What I learned from a social media hiatus

WHAT DO YOU DO WITH ALL THAT TIME? — Instead of the endless news feeds, try some knitting or reading, as Julia did, to occupy your time. (Flickr)


About six months ago, I quit Facebook and Instagram. It was a rash decision brought on by long periods of annoyance and unhappiness – annoyance because I experienced phones continuously preventing genuine connection, and unhappiness because I realized that I was part of the problem.

Before I quit social media, I spent about two hours per day surfing through my Facebook and Instagram feeds. I’d check my accounts in the morning and before bed, during the awkward ten-minute periods before classes when everyone is staring at their phones and no one speaks, after lunch for a period of “relief” in the middle of the day that for some reason only added more stress and any other free section of time that I found.

By society’s standards, I would not have considered myself obsessed. I rarely posted updates or photos; I mostly shared and liked the posts of others.

During conversations with friends, I did not have trouble putting my phone away and paying attention to them. It wasn’t until my rash decision six months ago that I truly realized how much social media was affecting my life.

I had tried to quit before, first by deleting the apps from my phone. But I found myself slipping by using Safari instead. Eventually, I gave in and just redownloaded the apps. I thought about quitting cold-turkey, cutting myself off at the source by deleting my accounts, but I couldn’t quite bring myself to do that. Because of dance and school, I follow and am friends with so many people that live all over the United States and abroad, people that I may never be able to see again in person. Despite social media’s drawbacks, I couldn’t give up those connections.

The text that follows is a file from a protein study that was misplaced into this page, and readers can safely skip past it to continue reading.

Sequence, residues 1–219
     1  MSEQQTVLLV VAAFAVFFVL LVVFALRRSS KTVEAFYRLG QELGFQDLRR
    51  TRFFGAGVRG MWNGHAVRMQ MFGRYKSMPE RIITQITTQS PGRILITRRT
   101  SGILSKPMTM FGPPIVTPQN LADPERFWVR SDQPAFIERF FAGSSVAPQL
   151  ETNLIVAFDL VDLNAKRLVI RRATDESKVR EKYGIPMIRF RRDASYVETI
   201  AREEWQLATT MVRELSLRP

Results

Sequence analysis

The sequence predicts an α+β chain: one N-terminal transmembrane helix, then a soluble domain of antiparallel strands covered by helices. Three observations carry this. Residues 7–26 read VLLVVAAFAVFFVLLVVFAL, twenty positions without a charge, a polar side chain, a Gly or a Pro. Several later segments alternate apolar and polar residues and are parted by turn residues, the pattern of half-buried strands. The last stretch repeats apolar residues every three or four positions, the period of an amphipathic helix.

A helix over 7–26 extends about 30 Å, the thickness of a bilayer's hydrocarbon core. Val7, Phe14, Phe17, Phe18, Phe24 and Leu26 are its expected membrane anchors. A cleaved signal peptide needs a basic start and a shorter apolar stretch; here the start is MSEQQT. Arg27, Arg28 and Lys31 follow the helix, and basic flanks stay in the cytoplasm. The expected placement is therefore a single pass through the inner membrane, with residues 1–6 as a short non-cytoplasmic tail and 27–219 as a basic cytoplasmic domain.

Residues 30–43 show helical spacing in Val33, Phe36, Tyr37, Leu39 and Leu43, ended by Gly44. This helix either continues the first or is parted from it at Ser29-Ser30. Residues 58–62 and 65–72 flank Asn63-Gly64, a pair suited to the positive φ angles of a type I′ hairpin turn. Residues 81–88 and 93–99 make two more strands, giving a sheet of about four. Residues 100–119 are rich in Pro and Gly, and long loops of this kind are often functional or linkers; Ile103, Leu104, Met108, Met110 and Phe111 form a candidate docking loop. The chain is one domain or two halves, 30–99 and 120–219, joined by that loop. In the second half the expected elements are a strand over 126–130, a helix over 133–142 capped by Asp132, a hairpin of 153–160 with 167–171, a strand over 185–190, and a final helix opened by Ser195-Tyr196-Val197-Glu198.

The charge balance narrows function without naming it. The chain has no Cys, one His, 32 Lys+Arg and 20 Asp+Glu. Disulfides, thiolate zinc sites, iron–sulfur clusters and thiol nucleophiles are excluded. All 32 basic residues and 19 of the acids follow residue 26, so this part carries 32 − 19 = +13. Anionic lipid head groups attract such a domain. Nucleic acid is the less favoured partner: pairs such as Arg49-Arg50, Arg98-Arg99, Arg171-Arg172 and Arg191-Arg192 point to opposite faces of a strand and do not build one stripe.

Another point on my justification list was that I loved seeing pictures and updates from family and friends. How could I decide to close myself off from all of these wonderful stories and memories?

The answer: easily. One day, I simply said “enough.” I was home for the summer and hated the fact that I was spending more time on my phone than with my family, who I would be leaving in a few short weeks. I deleted the apps and haven’t looked back.

The first thing I noticed at the start of my social media hiatus was the amount of time I had. Those two hours that used to be filled with mindless scrolling were opened up to new connections and opportunities. I finished my homework earlier, exercised in the morning and had more time to write and read. I even took up knitting.

The second thing I noticed was how much time other people spend on their phones. Those ten minutes before class that I mentioned earlier were painful at first without my phone to distract me.

In most cases, I was the only one looking up. This made me ache as I saw more and more opportunities for connection lost. Finally, I noticed how much happier I was. I still read the news every morning and stay updated on the state of our nation and world, but I’m no longer bogged down all day with constant negativity.

I still haven’t deleted my accounts. I keep them in case I ever need to contact one of my friends and for when my mom tells me to look at something she thinks I’ll find interesting. Even then, I don’t scroll, like, comment or share.

My advice to you is to take the plunge. It’s not nearly as hard or lonely as you think. In fact, your life will become even more full without social media. Go on. Look up.

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